Saturday, February 6, 2010

The anti-promoter

A few days ago, a reader made this remark in the comments thread for my informal piracy poll.
I listened to your stuff on MySpace and loved it--and I expected to not like it at all for some reason ...

Naturally, I'm thrilled whenever I hear that somebody loves our music. It means we're doing something right.

But, "I expected to not like it at all ..." What to make of that?

I'm lousy at promoting Cinder Bridge. I know it. I can even list some reasons why: I don't spend enough time getting our name out there. I haven't discovered where potential fans hang out. I don't know how to get people to buy without being spammy and annoying, so I don't try very hard.

That said, I thought my only sins were not connecting with enough people, and not sufficiently engaging their curiosity. It never occurred to me that I could be making people think they'd hate us.

So now I have to figure out if I am, in fact, giving people a bad impression of Cinder Bridge, or if the commenter had preconceived notions that had nothing to do with me. Any insights would be appreciated.

P.S.We don't suck.

P.P.S. Please buy our album.


Three Chord Monty said...

I'm sorry--I'm a grump when it comes to stuff like going to MySpace pages. Nothing to do with you or your music, which I hadn't even heard! I think I did mention I tooled around in bar bands with people who were eager for success. I hated having to deal with promotion, which is ironic since this post is all about me & my biases. I'll email you through MySpace when I get a chance & try to explain a little more.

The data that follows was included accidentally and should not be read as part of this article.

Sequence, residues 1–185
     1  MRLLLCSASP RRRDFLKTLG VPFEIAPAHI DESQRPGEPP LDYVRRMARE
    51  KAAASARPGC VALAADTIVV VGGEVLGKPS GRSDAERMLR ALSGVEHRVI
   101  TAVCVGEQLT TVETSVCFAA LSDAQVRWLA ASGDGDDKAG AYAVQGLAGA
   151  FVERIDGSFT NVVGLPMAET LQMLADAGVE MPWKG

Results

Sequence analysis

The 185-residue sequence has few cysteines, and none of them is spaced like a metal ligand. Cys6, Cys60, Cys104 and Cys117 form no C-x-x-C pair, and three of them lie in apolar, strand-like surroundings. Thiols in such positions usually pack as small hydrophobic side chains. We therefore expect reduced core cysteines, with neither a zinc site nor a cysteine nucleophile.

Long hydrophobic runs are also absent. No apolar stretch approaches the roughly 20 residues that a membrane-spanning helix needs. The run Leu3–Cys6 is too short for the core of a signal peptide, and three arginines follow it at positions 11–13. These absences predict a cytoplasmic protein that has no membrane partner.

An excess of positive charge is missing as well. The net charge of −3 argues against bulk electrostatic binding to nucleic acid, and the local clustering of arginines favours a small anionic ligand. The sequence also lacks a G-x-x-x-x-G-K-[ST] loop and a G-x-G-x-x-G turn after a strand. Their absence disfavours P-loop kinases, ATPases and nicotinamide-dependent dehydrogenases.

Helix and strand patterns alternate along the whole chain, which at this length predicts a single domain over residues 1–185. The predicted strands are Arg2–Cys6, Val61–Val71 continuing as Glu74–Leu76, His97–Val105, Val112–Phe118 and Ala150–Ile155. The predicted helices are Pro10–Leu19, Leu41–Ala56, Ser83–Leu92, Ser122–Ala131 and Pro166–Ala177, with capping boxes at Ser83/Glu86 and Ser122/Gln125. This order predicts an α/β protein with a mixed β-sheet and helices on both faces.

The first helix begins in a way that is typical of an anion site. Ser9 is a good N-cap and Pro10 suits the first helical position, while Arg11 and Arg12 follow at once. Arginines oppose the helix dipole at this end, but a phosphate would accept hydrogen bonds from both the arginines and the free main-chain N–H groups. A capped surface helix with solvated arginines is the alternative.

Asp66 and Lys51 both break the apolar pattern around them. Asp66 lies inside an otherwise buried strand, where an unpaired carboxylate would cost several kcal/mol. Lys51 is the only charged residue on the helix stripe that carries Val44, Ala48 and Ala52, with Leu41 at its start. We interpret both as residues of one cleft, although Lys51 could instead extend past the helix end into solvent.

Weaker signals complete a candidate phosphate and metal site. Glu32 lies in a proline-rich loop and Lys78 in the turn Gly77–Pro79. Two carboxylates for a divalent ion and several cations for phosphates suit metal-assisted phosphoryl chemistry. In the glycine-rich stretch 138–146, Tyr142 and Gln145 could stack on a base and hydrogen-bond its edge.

There's a line in the Replacements' 'Bastards Of Young' that I think speaks to inner conflicts in some like-minded folks when it comes to trying to achieve success in a rock band:

'The ones who like us least
Are the ones we'd die to please
If it's any consolation
I can't begin to understand.'

cinderkeys said...

Hey there. No need to apologize. I'm constantly searching for stuff to blog about and you provided me with a great topic. ;) Plus, if I were doing something to turn people off, I'd want to know about it so I could stop.

I tend not to receive my Myspace mail, but I'd love to hear from you. You can reach me at susan (at) cinderbridge (dot) com.

kylben said...

You might be interested in Seth Godin's take on promotion.

It's nominally a marketing blog, but more about principles than techniques. His take is that attention is the coin of the realm, and you have to earn it. You can promote yourself once you have earned a person's attention, and only to the point that you haven't overstayed your welcome. You earn it by providing meaningful content people want to see, and you spend it wisely by doing so in a way that is respectful and considerate.

Given that, why can't somebody listen to your songs, or buy your CD, right here on the blog page? You've already earned some attention whuffie from visitors here.

cinderkeys said...

Coincidentally, I just started reading Godin's Tribes.

I think I understand how to sell, say, a how-to book. How-to authors can go to other people's relevant sites and dispense useful, free advice without ever mentioning that they're writing a book about it. Then, after rightfully earning everyone's attention, trust, and respect, they mention the book, and people are excited to buy it.